Page 12 - Farm labour in the UK
P. 12

 “This year we employed 3,600 people and we have actually only got 2,600 jobs. The 2,600 are for six months. So, if somebody only stays for three months that is two people needed to do that job” (Farmer)
This section explores the current situation regarding
the agricultural workforce in the UK. The quality of quantitative data regarding hired farm workers in the U.K varies. While the Department for Environment, Food and Rural Affairs (Defra) conducts an annual sample survey of agricultural holdings in the UK, which includes numbers of farm workers, accurate data capture is thwarted by the timing of the survey and the limited scope of the data collected. Equally, attempts to pinpoint the contributions of individual seasonal workers to agricultural work over a given
The majority of casual workers are found on horticultural and general cropping holdings. Similarly, the majority of regular full-time workers can also be found on horticulture and general cropping holdings as well as cereals and dairy. Regular part-time workers tend to predominate on grazing livestock, cereals, and dairy farms (Figure 2). Numbers are distributed differently across holding types, as many horticultural units employ large numbers of workers compared to other sectors (Figure 3).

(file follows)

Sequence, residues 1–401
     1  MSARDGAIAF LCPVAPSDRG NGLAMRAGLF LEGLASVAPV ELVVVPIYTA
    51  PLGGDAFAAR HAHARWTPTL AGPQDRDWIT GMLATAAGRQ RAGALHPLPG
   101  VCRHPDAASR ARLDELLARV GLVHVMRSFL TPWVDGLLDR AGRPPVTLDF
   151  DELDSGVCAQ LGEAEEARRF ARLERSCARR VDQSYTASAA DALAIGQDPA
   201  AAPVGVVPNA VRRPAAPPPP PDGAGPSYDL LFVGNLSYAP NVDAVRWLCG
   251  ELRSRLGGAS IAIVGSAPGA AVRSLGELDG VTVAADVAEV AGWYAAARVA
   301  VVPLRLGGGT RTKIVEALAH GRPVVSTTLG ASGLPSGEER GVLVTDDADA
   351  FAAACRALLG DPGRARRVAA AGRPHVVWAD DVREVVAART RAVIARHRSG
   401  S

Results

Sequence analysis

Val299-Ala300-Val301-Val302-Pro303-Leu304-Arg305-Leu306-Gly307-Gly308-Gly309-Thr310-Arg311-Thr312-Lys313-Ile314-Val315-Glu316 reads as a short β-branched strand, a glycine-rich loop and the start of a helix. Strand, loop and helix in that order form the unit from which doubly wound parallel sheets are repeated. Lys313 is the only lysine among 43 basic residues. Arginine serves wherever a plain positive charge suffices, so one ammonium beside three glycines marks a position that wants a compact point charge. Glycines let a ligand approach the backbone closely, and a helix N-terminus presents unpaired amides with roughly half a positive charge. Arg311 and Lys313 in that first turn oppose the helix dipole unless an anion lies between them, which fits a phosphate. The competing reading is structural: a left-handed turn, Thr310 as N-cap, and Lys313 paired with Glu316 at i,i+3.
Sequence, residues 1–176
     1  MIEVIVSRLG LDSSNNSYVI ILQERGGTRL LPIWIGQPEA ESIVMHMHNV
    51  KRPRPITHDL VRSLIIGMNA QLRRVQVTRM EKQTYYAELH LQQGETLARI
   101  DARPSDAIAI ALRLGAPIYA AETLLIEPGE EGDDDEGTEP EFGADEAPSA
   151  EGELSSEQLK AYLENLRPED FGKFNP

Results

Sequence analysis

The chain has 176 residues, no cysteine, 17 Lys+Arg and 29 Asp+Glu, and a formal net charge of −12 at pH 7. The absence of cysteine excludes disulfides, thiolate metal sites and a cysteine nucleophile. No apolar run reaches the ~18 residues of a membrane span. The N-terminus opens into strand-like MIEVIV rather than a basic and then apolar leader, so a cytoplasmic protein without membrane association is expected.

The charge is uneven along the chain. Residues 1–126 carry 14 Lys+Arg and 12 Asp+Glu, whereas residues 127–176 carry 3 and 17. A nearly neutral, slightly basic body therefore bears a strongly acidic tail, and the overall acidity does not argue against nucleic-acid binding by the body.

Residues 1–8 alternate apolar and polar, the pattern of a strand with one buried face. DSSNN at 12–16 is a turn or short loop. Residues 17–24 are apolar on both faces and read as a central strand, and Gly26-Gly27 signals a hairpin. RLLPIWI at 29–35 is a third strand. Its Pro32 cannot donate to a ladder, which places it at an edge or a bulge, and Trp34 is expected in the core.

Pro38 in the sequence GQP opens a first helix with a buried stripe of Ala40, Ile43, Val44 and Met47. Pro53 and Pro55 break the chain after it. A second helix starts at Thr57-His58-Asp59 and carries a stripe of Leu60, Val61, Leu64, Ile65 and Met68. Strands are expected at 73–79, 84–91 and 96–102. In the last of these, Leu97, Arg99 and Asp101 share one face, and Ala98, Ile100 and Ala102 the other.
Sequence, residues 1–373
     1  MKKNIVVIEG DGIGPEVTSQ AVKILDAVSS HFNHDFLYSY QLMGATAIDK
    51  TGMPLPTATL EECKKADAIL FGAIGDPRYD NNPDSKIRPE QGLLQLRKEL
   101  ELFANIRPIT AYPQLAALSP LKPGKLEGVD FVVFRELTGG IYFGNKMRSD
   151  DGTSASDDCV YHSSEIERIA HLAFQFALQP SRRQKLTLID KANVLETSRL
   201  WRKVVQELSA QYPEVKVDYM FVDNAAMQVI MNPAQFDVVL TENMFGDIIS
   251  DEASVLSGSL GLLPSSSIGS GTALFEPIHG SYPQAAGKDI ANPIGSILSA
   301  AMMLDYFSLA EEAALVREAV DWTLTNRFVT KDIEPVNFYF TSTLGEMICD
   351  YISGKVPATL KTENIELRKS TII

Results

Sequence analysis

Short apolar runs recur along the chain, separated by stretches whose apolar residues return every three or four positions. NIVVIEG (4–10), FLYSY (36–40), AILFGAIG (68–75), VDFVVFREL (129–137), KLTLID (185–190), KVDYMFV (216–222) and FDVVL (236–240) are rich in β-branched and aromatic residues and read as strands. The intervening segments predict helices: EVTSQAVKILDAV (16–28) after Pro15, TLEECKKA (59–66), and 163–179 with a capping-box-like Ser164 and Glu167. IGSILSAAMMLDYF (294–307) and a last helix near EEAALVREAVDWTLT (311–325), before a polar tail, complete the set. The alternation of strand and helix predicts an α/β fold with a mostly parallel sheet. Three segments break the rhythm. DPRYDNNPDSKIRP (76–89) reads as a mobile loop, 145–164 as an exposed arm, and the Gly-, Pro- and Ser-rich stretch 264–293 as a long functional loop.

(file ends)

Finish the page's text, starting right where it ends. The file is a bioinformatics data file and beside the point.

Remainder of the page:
Numbers of people employed in agriculture have levelled-off over the last ten years (Figure 4) as compared to the dramatic decrease shown in Figure 1 (see page 2). Figure 5 demonstrates how numbers of workers under the control of farm managers have changed between 1969 and 2020.
year are difficult due to the transitory nature of workers, some of whom will move from farm to farm with the harvest seasons, as well as the seasonal nature of the work. While Defra has collected information regarding seasonal labour in horticulture for England on a quarterly basis since 2018, other sectors reliant upon seasonal workers lack an equivalent dataset. Here, data gaps have been filled as far as possible using smaller surveys, industry sector data, technical reports and academic research. Obtaining accurate information regarding numbers of farm workers is important in order to be able to identify, implement and effectively monitor government policies supporting the future of agriculture in this country. It is important to remember that official data sets fail to capture numbers of unpaid, undocumented or illegal workers used in farming (Devlin 2016), a cohort urgently requiring further examination.

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